Moving the Dial at CES

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It’s CES time in Las Vegas….the great and the good of consumer electronics get together and announce larger screens, newer gizmos and tech trends. This year there is much hullabaloo around two areas which I don’t think will impact most people and one which will. Let’s dive in.

The Internet of Things has been a hot topic in the investment space for a few years. The idea here is hooking up the devices which surround us to the web and make them smart. If you are running low on milk your fridge could message your smart watch or car to remind you to stock up.

Wearables are the other hot topic. Our clothing is in danger of getting smarter and  our watches are becoming mini computers. Both of these areas are interesting and over time they will no doubt become much more widely adopted. At the moment both suffer from several key handicaps:
  • They are typically on the expensive side….certainly above the price point where they will be adopted wholesale by budget conscious kids.
  • They can be clunky to use and fragile….battery life is an old school problem which dogs these new school products.
  • They lack the killer application which will drive mas adoption…I’m a tech-aholic and I’m not particularly driven to adopt either. I already have a computer in my pocket already and if I need milk I’ll remember…or not.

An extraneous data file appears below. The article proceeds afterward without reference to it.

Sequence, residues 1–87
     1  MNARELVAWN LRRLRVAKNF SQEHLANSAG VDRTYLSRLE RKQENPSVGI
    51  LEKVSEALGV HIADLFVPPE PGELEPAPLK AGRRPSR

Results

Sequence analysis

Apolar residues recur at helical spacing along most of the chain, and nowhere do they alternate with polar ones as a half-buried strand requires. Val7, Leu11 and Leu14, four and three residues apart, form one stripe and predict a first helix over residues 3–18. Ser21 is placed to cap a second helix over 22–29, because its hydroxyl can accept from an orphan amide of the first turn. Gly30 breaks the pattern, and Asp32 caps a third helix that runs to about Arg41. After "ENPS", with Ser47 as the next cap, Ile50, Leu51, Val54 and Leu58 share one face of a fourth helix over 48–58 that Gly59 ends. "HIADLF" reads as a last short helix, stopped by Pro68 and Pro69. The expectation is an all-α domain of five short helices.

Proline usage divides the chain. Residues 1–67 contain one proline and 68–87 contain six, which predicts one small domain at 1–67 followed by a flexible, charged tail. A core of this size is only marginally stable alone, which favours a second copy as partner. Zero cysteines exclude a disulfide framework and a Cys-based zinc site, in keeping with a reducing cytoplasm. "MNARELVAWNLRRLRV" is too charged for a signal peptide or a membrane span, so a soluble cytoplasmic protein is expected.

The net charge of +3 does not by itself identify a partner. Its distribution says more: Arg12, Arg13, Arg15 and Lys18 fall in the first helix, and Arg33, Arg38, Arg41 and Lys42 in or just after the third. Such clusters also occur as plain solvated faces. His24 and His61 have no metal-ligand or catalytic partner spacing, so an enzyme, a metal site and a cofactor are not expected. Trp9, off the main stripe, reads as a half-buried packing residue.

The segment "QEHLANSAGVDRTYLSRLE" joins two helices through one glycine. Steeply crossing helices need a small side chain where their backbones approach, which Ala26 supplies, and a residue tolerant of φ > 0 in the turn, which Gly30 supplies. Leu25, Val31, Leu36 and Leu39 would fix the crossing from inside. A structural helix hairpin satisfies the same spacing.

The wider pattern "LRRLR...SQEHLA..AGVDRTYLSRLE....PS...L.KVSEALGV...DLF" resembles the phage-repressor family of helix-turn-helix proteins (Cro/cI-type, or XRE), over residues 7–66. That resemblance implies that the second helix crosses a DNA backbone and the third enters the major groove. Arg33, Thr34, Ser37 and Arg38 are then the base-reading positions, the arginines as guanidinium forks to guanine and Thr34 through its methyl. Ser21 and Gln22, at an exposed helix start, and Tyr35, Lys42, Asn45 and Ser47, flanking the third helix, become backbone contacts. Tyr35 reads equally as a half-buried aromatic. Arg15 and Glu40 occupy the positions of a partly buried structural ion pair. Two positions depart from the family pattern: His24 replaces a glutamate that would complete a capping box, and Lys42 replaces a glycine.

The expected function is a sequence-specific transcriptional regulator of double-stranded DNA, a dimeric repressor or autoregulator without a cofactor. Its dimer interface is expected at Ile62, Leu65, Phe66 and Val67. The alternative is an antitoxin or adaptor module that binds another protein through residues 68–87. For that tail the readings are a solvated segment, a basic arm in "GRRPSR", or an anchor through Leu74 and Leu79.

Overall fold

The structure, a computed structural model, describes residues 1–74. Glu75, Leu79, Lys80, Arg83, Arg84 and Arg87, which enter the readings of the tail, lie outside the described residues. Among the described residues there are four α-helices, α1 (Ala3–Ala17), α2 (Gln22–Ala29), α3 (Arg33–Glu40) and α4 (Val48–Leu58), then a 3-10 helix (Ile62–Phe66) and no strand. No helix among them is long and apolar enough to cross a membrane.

The announcement which I am super excited by is the announcement by dish that for $20 a month they will enable you to stream things like Hulu and Netflix and a bunch of cable mainstays like CNN and ESPN. It doesn’t include the broadcast giants CBS, NBC, ABC or Fox…but it is interesting to note that both ABC and ESPN are owned by Disney so that may foreshadow future developments. I live in a modern very efficient house with solar and pretty much my most expensive utility bill is for Verizon Fios. I have sons who are in college or early into careers and the hundred bucks a month most households shell out for cable TV has been a very intractable bill for them. Users will still have to get internet service to the house which is widely available for about $15 a month. Add in Sling from Dish TV (which can run on pretty much any streaming device including smart TVs and for $35 many households (especially younger cable cutters) may well be satisfied. That’s a huge saving and the cable giants are going to have a fit.

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